Tip: Hover over underlined text for definitions.
How to Use the Chart
- Choose the cohort to look at graduation rates for the Class of 2020 or 9th-grade on-track rates for the multiclass 9th-grade cohort.
- To look at a narrower population, apply a filter.
- Choose the sort method for the chart. If sorting by graduation rate, the order of the bars will change when filters are applied. If sorting by characteristic, the order of the bars will remain static.
- Hover over the bars for more details.
Example data exploration
OCID analysis found that juvenile justice contact is one of the top barriers to 4-year high school graduation.
- Among students in the Class of 2020, the 4-year graduation rate was 51% for students who ever had contact with the juvenile justice system.
- This rate is substantially lower than the average graduation rate of 81% for the entire Class of 2020.
- Filter by the equity consideration of Ever had an IEP to find that the 4-year graduation rate was 43% for students with a disability who also had involvement with juvenile justice.
- In comparison, the 4-year graduation rate was 13 points higher (56%) for students who had juvenile justice contact and did not have a documented disability.
Disability (IEP status)
Parents’ education at birth
Prenatal tobacco exposure
Program Contact / Enrollment
Foster care placement
Juvenile justice contact
Severe chronic absenteeism
starting in 2012-2013
Midyear school transition
Midyear district transition
Important Things to Know
- Measures of educational success can take different forms such as career and technical education, apprenticeship pathways, generalized equivalency diploma (GED), and 4-year or extended high school graduation. Of these outcomes, OCID currently only has access to 4-year high school graduation data for the 2020 class.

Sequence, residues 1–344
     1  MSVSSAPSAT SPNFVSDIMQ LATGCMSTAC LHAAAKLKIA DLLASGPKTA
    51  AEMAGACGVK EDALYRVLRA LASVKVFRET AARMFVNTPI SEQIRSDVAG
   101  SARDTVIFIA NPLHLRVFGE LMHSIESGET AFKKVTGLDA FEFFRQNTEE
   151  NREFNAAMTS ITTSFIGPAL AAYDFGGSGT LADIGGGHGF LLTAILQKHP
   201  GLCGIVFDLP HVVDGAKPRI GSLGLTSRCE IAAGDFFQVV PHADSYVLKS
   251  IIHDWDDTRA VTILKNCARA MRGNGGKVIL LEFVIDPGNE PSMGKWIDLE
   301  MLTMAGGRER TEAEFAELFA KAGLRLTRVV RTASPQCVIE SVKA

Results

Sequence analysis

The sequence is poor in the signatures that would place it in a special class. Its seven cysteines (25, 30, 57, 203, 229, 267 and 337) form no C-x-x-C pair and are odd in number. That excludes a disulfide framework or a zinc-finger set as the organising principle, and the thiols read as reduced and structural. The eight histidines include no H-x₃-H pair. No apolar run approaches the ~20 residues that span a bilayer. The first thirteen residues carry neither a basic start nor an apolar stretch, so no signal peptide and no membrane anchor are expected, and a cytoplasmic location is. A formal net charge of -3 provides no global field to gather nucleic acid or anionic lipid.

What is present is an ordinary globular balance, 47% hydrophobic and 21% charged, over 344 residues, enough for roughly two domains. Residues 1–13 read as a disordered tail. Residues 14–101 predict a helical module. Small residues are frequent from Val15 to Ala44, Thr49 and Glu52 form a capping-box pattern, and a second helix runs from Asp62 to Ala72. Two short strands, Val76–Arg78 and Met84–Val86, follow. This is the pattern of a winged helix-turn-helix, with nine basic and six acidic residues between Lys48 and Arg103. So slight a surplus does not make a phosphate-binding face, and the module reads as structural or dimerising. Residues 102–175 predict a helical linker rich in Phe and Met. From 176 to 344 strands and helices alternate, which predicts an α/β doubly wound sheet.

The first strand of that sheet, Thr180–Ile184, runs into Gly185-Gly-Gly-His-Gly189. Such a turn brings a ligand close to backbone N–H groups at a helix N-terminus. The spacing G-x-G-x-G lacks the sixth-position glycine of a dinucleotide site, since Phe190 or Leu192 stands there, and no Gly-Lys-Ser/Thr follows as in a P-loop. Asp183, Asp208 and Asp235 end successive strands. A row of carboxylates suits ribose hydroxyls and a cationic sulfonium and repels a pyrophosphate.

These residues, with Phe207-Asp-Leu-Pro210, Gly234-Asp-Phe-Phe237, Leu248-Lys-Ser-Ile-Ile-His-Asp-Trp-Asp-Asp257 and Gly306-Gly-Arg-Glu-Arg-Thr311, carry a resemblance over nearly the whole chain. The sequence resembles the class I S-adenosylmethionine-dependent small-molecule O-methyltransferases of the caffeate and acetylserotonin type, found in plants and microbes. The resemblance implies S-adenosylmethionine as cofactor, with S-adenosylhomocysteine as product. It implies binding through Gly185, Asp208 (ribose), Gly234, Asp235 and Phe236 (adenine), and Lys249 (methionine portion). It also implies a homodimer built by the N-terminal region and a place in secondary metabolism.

- Personal characteristics such as race and ethnicity or geography are intended to act as a proxy for experiences or exposures that cannot be measured accurately and completely with available data, such as systemic racism, toxic stress, or lack of access to resources. These data do not fully describe an individual’s identity or experience.
- Causal relationships between characteristics and outcomes or explanations for patterns cannot be drawn from this analysis. OCID’s subsequent in-depth analyses will use advanced statistical methods to better understand patterns and relationships.
- Currently, OCID only includes children born in Oregon from 2001 onwards. We estimate that 25% of children who are current Oregon residents were not born in the state and, thus, are not included in OCID. Please visit the Explore OCID page for more information.
- In order to protect the identities of individuals in the OCID population, and in adherence to data use agreements covering release of the data, results are suppressed if they do not meet minimum reporting thresholds. Please visit the Dataset Overview page for details.
Related OCID Resources
Read more about considerations for using administrative data and OCID’s methodology to consistently report race and ethnicity information across data sources.